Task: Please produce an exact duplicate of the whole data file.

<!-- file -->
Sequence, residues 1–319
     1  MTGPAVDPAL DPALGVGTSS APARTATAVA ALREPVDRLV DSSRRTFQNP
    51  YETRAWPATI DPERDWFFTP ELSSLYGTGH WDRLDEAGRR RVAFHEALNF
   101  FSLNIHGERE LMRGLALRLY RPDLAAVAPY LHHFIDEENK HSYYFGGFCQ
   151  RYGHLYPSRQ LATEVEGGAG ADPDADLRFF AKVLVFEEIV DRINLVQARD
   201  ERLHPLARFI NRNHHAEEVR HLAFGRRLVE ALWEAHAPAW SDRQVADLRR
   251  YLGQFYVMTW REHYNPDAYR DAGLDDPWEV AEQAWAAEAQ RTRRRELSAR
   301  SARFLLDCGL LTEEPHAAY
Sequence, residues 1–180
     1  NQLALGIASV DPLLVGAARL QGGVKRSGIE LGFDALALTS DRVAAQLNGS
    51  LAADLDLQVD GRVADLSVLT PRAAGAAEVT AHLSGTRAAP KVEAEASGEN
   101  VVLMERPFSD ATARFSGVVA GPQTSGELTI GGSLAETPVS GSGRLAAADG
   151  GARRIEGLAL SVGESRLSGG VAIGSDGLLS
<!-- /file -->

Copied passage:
Sequence, residues 1–319
     1  MTGPAVDPAL DPALGVGTSS APARTATAVA ALREPVDRLV DSSRRTFQNP
    51  YETRAWPATI DPERDWFFTP ELSSLYGTGH WDRLDEAGRR RVAFHEALNF
   101  FSLNIHGERE LMRGLALRLY RPDLAAVAPY LHHFIDEENK HSYYFGGFCQ
   151  RYGHLYPSRQ LATEVEGGAG ADPDADLRFF AKVLVFEEIV DRINLVQARD
   201  ERLHPLARFI NRNHHAEEVR HLAFGRRLVE ALWEAHAPAW SDRQVADLRR
   251  YLGQFYVMTW REHYNPDAYR DAGLDDPWEV AEQAWAAEAQ RTRRRELSAR
   301  SARFLLDCGL LTEEPHAAY
Sequence, residues 1–180
     1  NQLALGIASV DPLLVGAARL QGGVKRSGIE LGFDALALTS DRVAAQLNGS
    51  LAADLDLQVD GRVADLSVLT PRAAGAAEVT AHLSGTRAAP KVEAEASGEN
   101  VVLMERPFSD ATARFSGVVA GPQTSGELTI GGSLAETPVS GSGRLAAADG
   151  GARRIEGLAL SVGESRLSGG VAIGSDGLLS